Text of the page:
Russia's two major shipyards once competed for China's modern-class orders to dismantle each other's


In the 1990s, the situation at home and abroad was extremely complex. At that time, although the number of Chinese navy vessels ranked the top in the world, they were basically not enough. There were only two 052 destroyers in service. The overall level was quite different from that of Japan, Korea and other neighboring countries. At that time, the new generation of 052B/C and 054 were still on the drawing. The problem of gas turbines was still not known how to solve. In the short term, they could not meet the requirements of military struggle preparation. Only through importation could the urgent need be solved.

At the same time, Russia is suffering from the economic crisis, in exchange for dollars, almost all but nuclear submarines can be sold. In 1993, the Russian Pacific Fleet 1155 fearless Admiral Pandelev, the 956 Modern Fast and the oil tanker Bitchka visited Qingdao. The Chinese Navy had a very intuitive understanding of the two main ships with different styles. After repeated comparisons, the Navy considered 956 more appropriate. In 1994, China began to discuss with Russia the possibility of introducing 956.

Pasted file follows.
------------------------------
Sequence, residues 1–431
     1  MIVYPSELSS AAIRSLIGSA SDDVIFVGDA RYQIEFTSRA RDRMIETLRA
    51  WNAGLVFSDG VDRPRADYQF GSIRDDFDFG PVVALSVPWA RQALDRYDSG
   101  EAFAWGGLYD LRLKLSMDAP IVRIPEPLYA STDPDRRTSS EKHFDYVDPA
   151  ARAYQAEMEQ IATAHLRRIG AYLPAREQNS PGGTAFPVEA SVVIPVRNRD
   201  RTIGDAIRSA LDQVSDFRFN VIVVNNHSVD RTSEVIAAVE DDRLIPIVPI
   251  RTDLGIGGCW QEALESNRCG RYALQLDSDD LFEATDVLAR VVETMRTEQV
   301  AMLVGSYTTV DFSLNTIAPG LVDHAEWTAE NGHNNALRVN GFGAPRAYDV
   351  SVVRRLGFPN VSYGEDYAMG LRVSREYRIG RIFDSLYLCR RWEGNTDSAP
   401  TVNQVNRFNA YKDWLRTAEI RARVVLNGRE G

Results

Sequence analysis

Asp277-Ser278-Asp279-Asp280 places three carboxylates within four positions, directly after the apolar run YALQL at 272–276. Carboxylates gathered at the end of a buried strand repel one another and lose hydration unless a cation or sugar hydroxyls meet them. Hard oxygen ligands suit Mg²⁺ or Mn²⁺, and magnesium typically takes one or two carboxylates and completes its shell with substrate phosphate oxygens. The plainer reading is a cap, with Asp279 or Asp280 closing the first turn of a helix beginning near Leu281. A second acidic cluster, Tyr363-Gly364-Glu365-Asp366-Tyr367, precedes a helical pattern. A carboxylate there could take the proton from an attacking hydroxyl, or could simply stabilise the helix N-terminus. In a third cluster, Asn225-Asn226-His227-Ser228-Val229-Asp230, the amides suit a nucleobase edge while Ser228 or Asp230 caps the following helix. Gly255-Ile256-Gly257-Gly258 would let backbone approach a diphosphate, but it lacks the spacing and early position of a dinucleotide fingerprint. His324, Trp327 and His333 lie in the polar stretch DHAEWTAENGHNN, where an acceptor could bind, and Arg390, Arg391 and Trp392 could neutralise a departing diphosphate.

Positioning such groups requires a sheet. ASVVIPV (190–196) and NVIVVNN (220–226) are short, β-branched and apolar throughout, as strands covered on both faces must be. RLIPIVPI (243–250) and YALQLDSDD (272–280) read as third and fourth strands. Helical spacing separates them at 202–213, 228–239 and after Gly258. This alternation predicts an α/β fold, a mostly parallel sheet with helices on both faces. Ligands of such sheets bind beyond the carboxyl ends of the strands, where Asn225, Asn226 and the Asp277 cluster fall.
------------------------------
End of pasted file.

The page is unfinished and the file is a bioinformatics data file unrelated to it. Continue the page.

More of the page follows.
The 1996 crisis accelerated the process of introducing 956 destroyers into the navy. In August 1997, Russian media released news that China and Russia had signed a warship procurement contract worth US$800 million. China decided to purchase two 956E warships and related weapon systems (including shipborne helicopters).

The US$800 million is not a small figure, but the Chinese Navy is not short of that money. The funds are in place in a timely manner, but the Russian are in urgent need. How to deliver the ship on time is a big problem. For this reason, the Russians also thought of the usual trick -- "tear down the east wall to make up for the West wall".

At that time, the Russian navy was almost out of wages, and the two 956 Yekaterinburg and Alexander Nevsky ships ordered from the northern shipyard were still rotten at the shipyard and did not know how to end. As a result, Russia's arms export department, through internal coordination, sold the two new main ships directly to the Chinese Navy, which could also reduce the construction time by two years. In November 1997, the arms export department signed a contract with the Northern Shipyard to resell the two vessels to China.

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